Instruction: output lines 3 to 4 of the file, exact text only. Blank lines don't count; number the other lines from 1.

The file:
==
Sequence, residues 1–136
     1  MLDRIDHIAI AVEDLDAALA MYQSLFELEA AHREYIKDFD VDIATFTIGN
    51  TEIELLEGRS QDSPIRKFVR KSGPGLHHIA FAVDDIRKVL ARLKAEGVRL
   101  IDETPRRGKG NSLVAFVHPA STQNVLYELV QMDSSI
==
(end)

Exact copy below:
    51  TEIELLEGRS QDSPIRKFVR KSGPGLHHIA FAVDDIRKVL ARLKAEGVRL
   101  IDETPRRGKG NSLVAFVHPA STQNVLYELV QMDSSI